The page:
"Low-Fat" Food Isn't Always Better
Processed foods labeled as "low fat" aren't always what they claim to be. A review in the journal Appetite found that 68% of low-fat foods did not have fewer calories. Those that did only had a difference of about 50 calories. Many of these products replaced fat with sugar, which harms your metabolism.
Because many of these dishes have little protein and fiber, they often leave people hungry. A 2012 study in Obesity Research claimed that, although energy consumption was the same between "low-fat" and regular meals, the low-fat dishes left participants craving more food. You're better off eating unprocessed meals with healthy fats.
Enjoy Some Green Tea
Caffeine speeds up your metabolism. But green tea works harder by adding catechins--a type of antioxidant--to the mix. These substances release the hormone norepinephrine, which releases fat cells to be burned as energy. During a scientific trial in Obesity, participants who drank two cups of green tea a day lost belly fat.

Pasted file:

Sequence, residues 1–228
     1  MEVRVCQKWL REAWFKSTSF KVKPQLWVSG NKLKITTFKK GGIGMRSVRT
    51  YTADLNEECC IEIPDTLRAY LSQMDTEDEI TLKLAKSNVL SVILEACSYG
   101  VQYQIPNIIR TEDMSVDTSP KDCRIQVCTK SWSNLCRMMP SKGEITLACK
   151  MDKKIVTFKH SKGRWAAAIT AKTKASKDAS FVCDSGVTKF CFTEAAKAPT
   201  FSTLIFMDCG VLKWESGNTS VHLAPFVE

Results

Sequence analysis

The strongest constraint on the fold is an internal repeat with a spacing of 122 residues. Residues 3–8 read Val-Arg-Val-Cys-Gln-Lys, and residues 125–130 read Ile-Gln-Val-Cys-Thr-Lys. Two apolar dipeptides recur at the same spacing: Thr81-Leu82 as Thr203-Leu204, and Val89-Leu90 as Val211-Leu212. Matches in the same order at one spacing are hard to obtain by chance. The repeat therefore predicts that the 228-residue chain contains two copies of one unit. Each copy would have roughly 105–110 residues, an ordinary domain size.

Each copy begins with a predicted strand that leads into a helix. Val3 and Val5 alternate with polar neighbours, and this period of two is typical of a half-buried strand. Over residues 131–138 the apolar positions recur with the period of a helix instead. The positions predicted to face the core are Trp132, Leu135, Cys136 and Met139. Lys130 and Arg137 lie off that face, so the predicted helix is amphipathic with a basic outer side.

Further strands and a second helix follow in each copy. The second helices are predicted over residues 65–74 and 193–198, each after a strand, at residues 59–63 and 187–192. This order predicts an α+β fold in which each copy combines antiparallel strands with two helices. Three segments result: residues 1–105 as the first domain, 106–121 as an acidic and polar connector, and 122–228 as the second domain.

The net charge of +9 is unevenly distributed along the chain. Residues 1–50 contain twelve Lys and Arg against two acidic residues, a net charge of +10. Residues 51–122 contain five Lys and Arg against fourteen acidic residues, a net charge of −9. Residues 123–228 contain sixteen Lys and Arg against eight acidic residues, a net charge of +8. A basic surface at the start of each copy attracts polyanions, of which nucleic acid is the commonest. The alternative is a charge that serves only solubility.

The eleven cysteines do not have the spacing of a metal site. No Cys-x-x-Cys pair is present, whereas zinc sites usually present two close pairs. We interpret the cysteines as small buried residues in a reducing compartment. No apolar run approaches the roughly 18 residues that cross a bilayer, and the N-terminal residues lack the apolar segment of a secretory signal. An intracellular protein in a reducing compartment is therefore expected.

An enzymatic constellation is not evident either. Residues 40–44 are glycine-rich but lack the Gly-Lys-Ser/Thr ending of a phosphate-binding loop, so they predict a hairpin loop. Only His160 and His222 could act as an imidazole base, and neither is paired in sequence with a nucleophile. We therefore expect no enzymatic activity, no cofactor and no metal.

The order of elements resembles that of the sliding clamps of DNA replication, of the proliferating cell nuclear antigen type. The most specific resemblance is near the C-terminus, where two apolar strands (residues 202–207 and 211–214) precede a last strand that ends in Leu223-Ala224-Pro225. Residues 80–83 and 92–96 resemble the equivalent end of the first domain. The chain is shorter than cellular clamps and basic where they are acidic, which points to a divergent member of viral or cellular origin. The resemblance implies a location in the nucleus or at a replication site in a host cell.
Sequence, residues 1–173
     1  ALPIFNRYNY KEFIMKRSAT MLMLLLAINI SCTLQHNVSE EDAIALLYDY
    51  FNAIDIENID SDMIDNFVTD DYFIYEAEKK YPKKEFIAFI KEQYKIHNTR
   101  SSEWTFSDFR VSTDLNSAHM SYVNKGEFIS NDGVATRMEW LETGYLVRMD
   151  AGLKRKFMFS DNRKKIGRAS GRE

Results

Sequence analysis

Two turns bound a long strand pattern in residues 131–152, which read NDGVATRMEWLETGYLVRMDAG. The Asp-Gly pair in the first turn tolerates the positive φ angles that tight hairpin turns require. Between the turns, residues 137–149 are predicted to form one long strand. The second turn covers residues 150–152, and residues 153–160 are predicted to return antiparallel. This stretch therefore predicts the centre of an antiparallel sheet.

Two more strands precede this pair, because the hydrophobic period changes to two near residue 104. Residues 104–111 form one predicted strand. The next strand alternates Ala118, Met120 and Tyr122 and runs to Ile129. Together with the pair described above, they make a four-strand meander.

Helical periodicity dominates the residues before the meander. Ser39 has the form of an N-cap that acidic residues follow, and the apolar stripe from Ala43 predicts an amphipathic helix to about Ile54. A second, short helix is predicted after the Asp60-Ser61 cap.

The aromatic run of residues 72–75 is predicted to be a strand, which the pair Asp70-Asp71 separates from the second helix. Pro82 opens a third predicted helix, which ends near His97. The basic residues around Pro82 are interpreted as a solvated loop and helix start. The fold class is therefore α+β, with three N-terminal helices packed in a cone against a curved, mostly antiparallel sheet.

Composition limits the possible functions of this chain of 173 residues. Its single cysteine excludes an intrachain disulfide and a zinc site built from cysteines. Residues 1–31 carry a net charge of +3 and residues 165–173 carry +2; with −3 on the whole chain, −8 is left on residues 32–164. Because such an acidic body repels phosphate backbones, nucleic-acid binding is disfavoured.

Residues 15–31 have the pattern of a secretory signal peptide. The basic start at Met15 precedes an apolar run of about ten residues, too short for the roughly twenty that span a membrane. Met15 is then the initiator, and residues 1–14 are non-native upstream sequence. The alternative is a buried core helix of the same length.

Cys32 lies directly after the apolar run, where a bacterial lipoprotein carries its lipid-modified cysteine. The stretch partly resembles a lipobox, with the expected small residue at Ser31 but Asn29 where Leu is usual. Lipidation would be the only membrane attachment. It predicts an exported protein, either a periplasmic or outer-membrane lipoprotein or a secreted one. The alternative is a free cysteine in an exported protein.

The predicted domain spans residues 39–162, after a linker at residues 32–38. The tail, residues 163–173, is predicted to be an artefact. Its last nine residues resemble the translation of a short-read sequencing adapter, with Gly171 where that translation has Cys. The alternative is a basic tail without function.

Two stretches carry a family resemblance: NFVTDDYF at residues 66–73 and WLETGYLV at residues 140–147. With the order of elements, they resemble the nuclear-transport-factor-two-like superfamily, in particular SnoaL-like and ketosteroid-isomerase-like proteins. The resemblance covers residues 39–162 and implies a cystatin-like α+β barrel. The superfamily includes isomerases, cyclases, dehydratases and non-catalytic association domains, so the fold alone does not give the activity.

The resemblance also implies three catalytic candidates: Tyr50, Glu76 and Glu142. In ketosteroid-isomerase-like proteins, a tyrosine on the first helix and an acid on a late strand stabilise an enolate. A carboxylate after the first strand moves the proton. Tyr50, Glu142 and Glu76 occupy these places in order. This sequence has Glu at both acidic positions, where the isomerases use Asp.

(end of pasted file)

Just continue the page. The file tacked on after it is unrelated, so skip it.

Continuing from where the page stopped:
According to The American Journal of Clinical Nutrition, drinking green tea can raise our metabolic rate by 4%. This is a temporary change, but if put it good use, it can help you in the long run.
Stress Comes First
Consistent stress can negatively impact your metabolism over time. Stressed people tend to have higher insulin levels and less fat oxidation. In 2016, research in Current Opinion in Behavioral Sciences discovered that chronic stress might lead to long-term metabolic disease. If you're having trouble boosting your metabolism, you may need to tackle stress first.
Researchers from the University of Florida said that betatrophin may be to blame. During chronic stress, this protein inhibits enzymes that otherwise break down fat. "Stress causes you to accumulate more fat, or at least slows down fat metabolism," says lead investigator Li-Jun Yang, M.D.
Cook With Healthy, Fatty Oils
A food's healthiness isn't just about calories, and cooking oils prove this. Although they're high in calories, natural oils such as olive and coconut oil contain medium-chain fatty acids that help your metabolism. Four weeks of cooking with these oils can help you drop weight, according to a controlled trial in Obesity.